##
* *Reflection: Developing a Conceptual Understanding
Who Makes Mistakes - Section 1: Warm Up

The student problems included both addition and subtraction questions. The first problem was, "I have 8 butterflies and 6 hearts, how many more butterflies do I have?" With the first problem a student asked, "do we add or subtract?" Another raised a hand and wanted to know what the number sentence was.

I don't want to tell the students what to do but I don't want them to be overwhelmed either. I ask if anyone could use a picture to solve the problem. The question had included the words "how many more.." A child came up and drew the 8 butterflies and the 6 hearts. I asked them if we needed to know how many in all? No, well then what do we want to know?

Here I am providing support navigating the language, while not providing either the answer or the number sentence. If I had given them 8 - 6, all of the students would be able to solve the problem. If I had given them 8 + 6 they also would have been able to get the answer. Instead I focused on supporting their mathematical reasoning, which is fundamental to all of their problem solving.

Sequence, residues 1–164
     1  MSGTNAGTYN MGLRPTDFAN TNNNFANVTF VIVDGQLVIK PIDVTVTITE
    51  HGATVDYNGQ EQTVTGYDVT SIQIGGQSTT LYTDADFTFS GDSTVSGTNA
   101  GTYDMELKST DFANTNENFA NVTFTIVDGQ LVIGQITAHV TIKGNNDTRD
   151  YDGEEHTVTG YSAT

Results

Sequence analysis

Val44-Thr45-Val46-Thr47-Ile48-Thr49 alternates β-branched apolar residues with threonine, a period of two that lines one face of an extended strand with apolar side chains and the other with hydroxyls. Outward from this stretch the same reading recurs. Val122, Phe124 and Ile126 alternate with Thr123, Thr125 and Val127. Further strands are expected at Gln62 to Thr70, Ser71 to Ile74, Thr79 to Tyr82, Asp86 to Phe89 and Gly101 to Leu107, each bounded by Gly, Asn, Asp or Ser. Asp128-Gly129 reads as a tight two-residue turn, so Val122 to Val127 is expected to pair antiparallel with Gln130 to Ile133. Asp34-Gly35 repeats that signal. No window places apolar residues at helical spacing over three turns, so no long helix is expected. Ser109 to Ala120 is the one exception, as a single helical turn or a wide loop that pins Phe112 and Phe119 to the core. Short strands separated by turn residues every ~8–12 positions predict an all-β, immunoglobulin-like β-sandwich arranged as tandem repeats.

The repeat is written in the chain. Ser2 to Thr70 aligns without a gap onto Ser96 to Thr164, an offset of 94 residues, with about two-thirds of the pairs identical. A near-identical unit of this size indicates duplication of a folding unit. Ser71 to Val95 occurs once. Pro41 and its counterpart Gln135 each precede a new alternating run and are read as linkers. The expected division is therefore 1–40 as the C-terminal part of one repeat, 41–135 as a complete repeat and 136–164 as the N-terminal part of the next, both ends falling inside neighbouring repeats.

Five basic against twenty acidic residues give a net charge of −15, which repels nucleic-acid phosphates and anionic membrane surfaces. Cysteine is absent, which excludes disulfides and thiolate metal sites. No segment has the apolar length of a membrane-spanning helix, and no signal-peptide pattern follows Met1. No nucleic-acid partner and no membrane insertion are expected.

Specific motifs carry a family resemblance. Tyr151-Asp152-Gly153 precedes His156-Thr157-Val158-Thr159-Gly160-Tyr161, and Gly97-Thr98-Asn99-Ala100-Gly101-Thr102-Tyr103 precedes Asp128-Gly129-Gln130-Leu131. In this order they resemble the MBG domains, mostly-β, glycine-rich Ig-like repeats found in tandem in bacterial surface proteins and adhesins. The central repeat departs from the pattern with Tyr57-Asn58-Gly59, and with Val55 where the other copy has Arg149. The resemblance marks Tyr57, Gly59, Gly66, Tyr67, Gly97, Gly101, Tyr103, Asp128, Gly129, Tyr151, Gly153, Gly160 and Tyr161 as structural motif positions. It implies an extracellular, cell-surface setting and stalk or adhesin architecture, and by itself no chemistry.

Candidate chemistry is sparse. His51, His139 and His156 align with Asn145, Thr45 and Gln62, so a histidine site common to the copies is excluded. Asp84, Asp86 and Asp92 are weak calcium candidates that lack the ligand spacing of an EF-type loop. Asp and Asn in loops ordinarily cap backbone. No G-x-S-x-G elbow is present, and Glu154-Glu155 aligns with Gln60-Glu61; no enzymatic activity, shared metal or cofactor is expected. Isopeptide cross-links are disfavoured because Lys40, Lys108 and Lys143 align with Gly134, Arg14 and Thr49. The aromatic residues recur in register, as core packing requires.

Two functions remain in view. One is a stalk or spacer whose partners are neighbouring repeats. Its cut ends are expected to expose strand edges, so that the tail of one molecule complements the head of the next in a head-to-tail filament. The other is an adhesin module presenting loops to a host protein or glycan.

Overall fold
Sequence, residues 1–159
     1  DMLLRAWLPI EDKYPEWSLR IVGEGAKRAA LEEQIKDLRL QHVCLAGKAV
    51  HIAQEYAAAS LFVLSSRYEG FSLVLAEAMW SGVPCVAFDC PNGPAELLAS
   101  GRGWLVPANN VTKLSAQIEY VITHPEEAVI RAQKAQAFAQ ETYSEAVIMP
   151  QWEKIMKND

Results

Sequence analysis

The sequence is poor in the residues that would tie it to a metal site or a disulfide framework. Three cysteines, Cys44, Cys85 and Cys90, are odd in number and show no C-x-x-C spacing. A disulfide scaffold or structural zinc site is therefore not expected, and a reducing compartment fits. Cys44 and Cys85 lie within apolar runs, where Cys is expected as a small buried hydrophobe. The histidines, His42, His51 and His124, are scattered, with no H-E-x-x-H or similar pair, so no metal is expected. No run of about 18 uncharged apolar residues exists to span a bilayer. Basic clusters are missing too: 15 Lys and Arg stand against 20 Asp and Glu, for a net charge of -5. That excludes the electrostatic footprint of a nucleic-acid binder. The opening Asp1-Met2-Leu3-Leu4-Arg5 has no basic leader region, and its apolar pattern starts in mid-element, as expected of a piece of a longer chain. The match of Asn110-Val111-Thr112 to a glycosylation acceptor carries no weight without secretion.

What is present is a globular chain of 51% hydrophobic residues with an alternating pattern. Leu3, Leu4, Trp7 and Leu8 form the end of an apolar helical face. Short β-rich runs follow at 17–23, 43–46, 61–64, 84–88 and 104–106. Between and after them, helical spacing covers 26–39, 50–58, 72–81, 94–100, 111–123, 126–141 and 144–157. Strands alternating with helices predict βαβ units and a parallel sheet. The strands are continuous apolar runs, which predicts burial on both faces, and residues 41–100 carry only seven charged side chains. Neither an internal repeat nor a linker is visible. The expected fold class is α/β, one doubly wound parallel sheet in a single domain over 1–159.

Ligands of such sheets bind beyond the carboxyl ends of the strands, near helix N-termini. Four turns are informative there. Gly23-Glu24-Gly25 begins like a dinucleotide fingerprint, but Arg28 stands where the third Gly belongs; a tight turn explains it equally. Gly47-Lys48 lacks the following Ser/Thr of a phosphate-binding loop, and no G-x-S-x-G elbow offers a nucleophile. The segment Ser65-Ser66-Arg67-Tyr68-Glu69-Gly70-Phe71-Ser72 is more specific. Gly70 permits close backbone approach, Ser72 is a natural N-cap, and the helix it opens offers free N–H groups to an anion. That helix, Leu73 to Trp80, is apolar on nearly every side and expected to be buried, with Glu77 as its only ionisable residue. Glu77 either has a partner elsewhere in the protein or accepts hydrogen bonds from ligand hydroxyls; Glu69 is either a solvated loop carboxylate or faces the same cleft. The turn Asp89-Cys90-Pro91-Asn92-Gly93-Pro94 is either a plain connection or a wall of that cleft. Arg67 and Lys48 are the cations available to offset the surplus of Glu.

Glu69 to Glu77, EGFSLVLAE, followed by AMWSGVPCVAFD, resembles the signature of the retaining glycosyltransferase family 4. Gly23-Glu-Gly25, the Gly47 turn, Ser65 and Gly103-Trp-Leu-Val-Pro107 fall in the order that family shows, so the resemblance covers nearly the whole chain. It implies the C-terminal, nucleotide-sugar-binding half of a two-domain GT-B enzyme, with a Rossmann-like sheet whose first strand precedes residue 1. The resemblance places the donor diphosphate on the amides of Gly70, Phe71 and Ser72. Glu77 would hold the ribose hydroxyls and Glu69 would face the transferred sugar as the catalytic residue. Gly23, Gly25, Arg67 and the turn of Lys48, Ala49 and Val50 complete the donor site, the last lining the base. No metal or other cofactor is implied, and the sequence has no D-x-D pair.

*Do We Add or Subtract*

*Developing a Conceptual Understanding: Do We Add or Subtract*

# Who Makes Mistakes

Lesson 2 of 18

## Objective: SWBAT realize that mistakes in math are a part of the learning process.

#### Warm Up

*10 min*

Yesterday students wrote addition or subtraction word problems, sharing their work at the end of the lesson.

We will continue that conversation today, inviting those that have not shared and ask these students to read their problems. The listeners work alongside the presentation, to solve the presented problems in their math journals. The reader calls on 2 - 3 people to share their solutions. We talk about whether those solutions match what the writer was thinking and why or why not.

If the answer does not match the writer's thinking, I ask students if they can figure out what is different. Sometimes the new answer also fits the problem. I stress with students that there may be more than one answer, or more than one way to see the problem and also that sometimes we make mistakes when we are counting forward or back to get an answer.

I ask students to put away their journals, stretch and then walk with 15 hops to the rug.

*expand content*

#### Teaching The Lesson

*30 min*